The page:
But investor activity has actually slowed down quite a bit since 2008, when institutional investors accounted for 8.4% of all single family home sales – nearly 3 times today.
Homes then were far below market value so investors were jumping into the game back then. But it was a whole new game for them as most hedge funds were used to apartment buildings that could be easily managed.
With the price of homes hitting rock bottom, and foreclosures turning many homeowners into renters, it was an opportunity that could not be ignored. At first, there were doubts about the management of homes scattered throughout an area, compared to the management of an apartment building. Now it’s a big industry.
ATTOM says one out of every four single family homes in the U.S. is a rental. That’s about 18-million non-owner occupied single family homes.
ATTOM’s report shows that out of the 473 counties it analyzed, there was an increase in institutional investor purchases in 322 of those counties this year. That’s 68% of the counties analyzed!
Counties where there have been big increases include Philadelphia, Cleveland, Orlando and St. Louis.
Seven of the top 10 counties with the largest share of purchases by institutional investors were in Georgia. The other three counties with a high investors share of sales include Jefferson and Montgomery counties in Alabama, and the Killeen-Temple metro area in Texas.
Other popular areas for institutional investors include Memphis, Charlotte, Saint Louis, Jacksonville, El Paso, and Columbia, South Carolina.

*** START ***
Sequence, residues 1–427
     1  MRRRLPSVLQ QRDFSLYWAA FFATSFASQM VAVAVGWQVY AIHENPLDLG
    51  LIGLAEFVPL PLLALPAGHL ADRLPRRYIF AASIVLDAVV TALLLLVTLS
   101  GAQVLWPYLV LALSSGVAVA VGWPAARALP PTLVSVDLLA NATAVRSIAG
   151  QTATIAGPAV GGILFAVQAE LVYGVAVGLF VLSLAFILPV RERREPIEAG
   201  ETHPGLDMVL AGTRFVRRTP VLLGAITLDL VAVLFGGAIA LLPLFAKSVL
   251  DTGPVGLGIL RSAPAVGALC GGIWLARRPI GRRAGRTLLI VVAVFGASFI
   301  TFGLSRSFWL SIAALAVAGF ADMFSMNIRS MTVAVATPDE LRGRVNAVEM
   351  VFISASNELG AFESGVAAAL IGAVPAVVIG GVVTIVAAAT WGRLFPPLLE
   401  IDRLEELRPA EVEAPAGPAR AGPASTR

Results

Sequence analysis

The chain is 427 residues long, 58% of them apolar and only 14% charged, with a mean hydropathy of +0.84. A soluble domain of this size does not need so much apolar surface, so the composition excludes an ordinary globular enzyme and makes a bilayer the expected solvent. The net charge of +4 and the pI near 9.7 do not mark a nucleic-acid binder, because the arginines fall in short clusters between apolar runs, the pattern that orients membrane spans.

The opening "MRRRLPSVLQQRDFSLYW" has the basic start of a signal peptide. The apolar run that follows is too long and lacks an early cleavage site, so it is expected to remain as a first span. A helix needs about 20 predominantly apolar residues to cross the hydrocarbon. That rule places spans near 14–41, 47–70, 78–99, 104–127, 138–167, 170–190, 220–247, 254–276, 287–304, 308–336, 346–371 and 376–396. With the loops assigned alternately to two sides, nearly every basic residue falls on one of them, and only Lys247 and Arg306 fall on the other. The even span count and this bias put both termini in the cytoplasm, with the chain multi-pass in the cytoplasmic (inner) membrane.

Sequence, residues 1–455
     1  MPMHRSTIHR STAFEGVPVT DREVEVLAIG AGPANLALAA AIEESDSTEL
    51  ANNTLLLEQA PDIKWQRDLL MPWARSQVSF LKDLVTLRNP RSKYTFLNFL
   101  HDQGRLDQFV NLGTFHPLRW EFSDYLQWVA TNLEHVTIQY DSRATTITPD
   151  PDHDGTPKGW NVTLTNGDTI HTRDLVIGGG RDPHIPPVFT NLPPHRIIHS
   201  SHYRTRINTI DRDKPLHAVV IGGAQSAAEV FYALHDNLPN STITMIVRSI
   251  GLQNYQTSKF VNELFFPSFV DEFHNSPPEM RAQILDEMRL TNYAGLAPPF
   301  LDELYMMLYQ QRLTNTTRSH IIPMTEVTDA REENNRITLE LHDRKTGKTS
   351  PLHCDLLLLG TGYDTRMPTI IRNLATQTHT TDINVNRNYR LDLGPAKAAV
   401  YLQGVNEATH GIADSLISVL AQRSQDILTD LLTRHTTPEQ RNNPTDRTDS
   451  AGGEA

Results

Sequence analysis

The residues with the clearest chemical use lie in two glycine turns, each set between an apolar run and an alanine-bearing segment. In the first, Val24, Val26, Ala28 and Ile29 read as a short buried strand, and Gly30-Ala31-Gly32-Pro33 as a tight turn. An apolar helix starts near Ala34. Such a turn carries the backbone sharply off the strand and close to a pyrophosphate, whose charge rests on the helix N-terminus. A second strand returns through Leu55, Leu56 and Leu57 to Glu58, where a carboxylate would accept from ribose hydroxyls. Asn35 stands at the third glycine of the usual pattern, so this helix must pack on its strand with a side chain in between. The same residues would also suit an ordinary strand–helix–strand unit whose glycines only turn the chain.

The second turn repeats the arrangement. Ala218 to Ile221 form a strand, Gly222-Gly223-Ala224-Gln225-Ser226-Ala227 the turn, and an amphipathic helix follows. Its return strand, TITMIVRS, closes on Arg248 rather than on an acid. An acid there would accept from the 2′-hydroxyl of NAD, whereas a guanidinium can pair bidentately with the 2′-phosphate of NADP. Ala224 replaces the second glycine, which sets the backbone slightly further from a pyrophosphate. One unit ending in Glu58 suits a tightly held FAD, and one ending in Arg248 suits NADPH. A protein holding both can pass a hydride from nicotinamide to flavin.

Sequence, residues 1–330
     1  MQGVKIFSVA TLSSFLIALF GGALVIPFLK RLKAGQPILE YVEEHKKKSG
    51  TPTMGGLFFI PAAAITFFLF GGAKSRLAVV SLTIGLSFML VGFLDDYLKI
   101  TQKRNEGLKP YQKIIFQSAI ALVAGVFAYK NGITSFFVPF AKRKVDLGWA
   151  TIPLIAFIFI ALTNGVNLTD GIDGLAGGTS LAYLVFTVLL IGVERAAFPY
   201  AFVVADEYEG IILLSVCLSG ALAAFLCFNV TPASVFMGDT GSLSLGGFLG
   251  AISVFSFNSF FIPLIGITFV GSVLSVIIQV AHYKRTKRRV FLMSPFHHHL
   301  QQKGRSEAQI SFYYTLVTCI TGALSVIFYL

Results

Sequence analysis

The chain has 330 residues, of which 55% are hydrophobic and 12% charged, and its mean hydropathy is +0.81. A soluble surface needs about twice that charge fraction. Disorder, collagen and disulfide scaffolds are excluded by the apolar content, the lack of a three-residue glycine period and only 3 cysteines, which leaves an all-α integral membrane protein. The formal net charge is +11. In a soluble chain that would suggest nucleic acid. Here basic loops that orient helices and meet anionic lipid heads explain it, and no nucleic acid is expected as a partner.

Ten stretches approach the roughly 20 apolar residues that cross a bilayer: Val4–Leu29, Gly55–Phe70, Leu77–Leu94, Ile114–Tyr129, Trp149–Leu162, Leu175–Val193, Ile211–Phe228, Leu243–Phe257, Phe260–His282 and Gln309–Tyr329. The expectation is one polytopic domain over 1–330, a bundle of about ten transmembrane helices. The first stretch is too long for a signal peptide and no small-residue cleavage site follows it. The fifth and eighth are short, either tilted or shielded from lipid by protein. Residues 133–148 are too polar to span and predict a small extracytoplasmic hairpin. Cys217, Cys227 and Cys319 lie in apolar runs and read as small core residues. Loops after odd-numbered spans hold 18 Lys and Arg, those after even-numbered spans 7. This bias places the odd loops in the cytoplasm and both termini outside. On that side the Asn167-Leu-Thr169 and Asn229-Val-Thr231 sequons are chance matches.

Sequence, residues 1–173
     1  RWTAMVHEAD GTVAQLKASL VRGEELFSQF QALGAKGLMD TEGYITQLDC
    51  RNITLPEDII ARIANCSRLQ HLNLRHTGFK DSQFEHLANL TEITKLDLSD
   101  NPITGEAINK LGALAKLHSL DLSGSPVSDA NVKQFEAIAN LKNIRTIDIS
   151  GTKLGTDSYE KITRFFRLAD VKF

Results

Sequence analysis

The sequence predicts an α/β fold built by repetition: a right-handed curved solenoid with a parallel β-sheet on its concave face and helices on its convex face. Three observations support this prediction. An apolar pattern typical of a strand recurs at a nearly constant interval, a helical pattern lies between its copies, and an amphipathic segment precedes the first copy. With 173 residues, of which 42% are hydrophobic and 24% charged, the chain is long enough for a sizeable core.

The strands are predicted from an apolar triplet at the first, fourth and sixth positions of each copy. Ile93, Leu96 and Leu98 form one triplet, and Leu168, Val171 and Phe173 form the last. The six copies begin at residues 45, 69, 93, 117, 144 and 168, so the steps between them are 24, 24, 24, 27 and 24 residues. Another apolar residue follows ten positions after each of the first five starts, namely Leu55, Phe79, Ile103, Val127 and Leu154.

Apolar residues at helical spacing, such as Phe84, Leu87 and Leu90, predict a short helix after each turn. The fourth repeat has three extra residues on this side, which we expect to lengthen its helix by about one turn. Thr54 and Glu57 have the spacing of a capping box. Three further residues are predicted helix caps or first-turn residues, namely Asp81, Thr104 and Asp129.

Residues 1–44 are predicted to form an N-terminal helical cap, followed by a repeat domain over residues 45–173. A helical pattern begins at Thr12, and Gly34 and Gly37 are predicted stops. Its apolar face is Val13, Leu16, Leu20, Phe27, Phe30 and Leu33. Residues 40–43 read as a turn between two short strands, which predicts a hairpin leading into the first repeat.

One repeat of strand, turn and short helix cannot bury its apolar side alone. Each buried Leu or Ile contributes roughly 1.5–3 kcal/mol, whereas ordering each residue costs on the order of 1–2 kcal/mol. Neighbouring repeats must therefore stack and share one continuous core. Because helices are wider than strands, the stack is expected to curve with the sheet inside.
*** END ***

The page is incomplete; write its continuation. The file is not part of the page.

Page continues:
As for the places where there are higher rental returns so far this year, ATTOM lists Wayne County, Michigan at 18.5%. That’s in the Detroit metro area.
Our Real Wealth vetting team took a trip out to Detroit last month to see what’s happening there and to find out why investors are jumping back into that market. We were shocked at what we found! Downtown Detroit is being totally revitalized with billions of dollars of real estate and construction activity. Plus, many of the dilapidated foreclosures were torn down.
We found an excellent team in Detroit who finds discounted properties, fixes them to like-new condition and offers on-going properties management. Somehow they are able to keep the price points down for a fully turnkey property to under $80,000, and in some cases as low as $50,000. Gross yields are closer to 16%!
If you’re interested in meeting the team, sign up for our next live event Dec 10th in San Francisco and Dec 11th in Los Angeles. We’ll also be featuring multi-family properties in Chicago.
Find out more at newsforinvestors.com. If you don’t live in CA, you can join us on an upcoming tour to Detroit, or speak with one of our investment counselors.
If you’re not already a member of our Real Wealth Network, sign up for free at our website. You can search for cash-flowing properties right on our website and give one of our investor advisers a call to find out our how this strategy will work for you.